My six-year blogiversary was this past Sunday: it’s been six years and two days since I posted my very first blog entry on December 27, 2003. This gives me an excuse to share my annual retrospective of the past year in blog-posts, loosely organized into categories.
Life as Lorianne
This past year was personally monumental in several senses. I turned 40 this past January, an occasion I commemorated in The Big 4-0. The year 2009 also marked the five year anniversary of my separation and divorce, a milestone I revisited in posts such as Retrospect and Bella Vita.
Although the daily format of blogging provides an excellent platform for keeping track of one’s mundane life, it also provides an excuse for looking back and taking stock of what one has learned over the years, something I did in posts such as Manjushri’s sword, Water under the bridge, and Checking in. There’s nothing like the death of a dear friend to make you take even deeper stock of your life, and I did so in No words and Wealth.
Not all the personal milestones in 2009 were so somber, though. In Recipe, for instance, I describe a wonderful meal a friend and I enjoyed on the occasion of her “forty-something” birthday.
Posts about Zen:
My meditation practice provides a perpetual source of blog fodder: if nothing else, sitting quietly and following your breath provides ample evidence of the boundless fecundity of your own thinking mind.
In Meditation, I struggled with the question of how to illustrate my Zen practice in response to a Photo Friday prompt; in A silent place, I tried to describe, as best I could, the indescribable “place” that meditation takes you after you’ve been practicing a while. In The wisdom of mist, I returned to this idea that meditation changes you over time by considering the way a fine but constant drizzle (like those we had through much of the month of June) soaks you just as surely as steady rain, and in I stand as nigh, I shared some insights inspired by a sidewalk inscription I observed one Sunday morning before arriving for mid-morning practice at the Cambridge Zen Center. And in The replacements, I contemplated the Zen truism that “impermanence surrounds us.”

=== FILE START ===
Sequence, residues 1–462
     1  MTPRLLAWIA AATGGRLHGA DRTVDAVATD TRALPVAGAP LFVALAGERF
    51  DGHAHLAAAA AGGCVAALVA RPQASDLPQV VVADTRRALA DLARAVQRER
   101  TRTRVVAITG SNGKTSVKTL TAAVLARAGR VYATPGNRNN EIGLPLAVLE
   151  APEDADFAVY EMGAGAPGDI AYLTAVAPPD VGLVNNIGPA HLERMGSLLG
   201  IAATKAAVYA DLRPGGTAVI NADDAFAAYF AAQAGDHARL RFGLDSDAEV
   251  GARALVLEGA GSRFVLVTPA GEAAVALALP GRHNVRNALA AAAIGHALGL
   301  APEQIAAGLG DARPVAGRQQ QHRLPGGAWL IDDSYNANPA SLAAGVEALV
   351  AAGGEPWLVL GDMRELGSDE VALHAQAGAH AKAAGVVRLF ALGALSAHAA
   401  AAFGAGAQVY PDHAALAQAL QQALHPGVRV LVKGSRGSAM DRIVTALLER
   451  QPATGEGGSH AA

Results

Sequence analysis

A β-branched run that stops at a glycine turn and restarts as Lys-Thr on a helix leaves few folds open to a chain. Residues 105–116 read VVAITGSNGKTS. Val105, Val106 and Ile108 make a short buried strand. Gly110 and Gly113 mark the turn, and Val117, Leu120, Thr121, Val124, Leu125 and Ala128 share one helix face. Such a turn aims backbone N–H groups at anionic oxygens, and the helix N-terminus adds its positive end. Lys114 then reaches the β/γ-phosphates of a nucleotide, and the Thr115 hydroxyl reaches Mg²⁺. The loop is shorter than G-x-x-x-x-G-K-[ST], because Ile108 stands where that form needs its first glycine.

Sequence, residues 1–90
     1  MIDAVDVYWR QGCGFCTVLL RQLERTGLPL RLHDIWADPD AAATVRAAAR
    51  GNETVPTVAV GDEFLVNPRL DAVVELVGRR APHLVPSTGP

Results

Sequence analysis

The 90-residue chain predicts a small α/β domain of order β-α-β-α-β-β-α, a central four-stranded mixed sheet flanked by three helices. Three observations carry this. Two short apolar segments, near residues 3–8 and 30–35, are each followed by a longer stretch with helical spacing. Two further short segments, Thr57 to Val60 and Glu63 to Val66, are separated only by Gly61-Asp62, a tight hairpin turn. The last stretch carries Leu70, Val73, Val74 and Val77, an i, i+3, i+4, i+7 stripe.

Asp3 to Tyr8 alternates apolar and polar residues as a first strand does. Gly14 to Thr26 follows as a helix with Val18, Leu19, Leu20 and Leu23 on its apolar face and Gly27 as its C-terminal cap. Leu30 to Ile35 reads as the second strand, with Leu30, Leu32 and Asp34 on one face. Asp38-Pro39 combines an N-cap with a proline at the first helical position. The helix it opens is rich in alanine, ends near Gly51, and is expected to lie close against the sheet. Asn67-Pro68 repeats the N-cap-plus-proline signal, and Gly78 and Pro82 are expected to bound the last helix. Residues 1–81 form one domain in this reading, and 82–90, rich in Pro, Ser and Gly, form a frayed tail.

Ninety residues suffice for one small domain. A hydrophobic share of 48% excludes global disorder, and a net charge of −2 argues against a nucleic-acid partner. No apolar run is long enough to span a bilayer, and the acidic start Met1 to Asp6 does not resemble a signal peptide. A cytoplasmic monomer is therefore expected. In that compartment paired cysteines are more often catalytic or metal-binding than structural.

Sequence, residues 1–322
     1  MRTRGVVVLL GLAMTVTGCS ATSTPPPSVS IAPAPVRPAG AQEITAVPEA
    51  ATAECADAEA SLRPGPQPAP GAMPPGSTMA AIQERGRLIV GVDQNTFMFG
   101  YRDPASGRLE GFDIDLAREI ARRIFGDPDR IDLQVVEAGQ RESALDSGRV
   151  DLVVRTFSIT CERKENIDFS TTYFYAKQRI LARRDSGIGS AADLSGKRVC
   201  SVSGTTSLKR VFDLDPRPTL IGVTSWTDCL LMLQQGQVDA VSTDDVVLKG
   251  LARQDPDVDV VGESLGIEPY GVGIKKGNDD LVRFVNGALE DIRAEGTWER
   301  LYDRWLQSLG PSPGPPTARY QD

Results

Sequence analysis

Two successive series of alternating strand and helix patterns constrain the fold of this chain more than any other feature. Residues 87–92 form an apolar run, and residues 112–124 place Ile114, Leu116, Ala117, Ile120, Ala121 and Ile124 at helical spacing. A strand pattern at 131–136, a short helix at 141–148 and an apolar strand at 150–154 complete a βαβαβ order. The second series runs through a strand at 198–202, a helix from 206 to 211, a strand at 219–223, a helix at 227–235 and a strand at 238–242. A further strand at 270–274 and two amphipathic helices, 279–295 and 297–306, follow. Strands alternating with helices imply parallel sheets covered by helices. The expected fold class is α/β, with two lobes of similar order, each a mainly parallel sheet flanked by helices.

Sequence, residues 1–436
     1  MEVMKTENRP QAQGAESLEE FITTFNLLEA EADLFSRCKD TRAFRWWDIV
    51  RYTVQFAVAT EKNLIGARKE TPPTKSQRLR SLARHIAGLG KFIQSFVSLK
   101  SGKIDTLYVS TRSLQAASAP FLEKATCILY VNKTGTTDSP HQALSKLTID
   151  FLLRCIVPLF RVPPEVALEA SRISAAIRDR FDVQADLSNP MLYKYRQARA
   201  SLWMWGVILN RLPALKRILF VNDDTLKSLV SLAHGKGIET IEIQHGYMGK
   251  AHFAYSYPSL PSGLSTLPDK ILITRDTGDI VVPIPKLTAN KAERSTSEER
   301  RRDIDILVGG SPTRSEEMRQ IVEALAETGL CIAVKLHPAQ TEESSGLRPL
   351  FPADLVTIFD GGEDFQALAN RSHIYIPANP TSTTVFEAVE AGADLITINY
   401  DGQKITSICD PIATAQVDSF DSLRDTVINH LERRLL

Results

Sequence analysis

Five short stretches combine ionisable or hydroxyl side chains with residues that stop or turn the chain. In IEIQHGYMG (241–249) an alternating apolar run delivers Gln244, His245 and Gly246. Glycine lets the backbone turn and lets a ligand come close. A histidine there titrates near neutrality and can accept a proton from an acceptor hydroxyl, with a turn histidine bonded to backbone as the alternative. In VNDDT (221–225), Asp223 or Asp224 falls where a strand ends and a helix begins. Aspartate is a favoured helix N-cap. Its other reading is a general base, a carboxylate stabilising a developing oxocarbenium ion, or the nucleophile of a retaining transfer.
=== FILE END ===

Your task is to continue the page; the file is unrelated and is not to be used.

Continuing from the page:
Like my Zen practice, my daily practice of keeping a journal fuels my blogging. In Take note and Morning routine , I describe my daily ritual of writing in my Moleskine notebook, and in Riding the waves I describe how I’ve learned not to skip these pages on days that are busy. In Purely prosaic, I talk about how journal-keeping feeds my blogging, and in The bright side, I describe how daily blogging changes the way I look at my own life. Finally, in Just breathe I described the preparations I made before presenting several of my blog-essays at a public reading with a half-dozen of my Keene State teaching colleagues.
Birds and birding
I’ve been bird-watching since I was 12 years old, so it makes sense that I’d occasionally reference birds and birding on my blog. In Extreme closeup, for instance, I describe a wild duck chase involving a Eurasian teal at Newton’s Cold Spring Park, and in Saturday at the cemetery, I describe the hoopla caused by a pair of red-tailed hawks sunning themselves on the tower at Cambridge’s Mount Auburn Cemetery. In Fair and fowl, I once again go birdwatching in a cemetery: this time in Newton Cemetery on Thanksgiving Day.
In Heads up, I talk about the birds you can see even in the suburbs if you simply look up, and in Picture perfect, I narrate a trip with my family to Pickerington Ponds in central Ohio, a place I birded often when I was a teenager. In Flyby, J and I watch birds and planes at Belle Isle Marsh in East Boston, and in Of frost and pheasants, I’m startled to see a well-camouflaged pheasant on a morning dog-walk in Keene.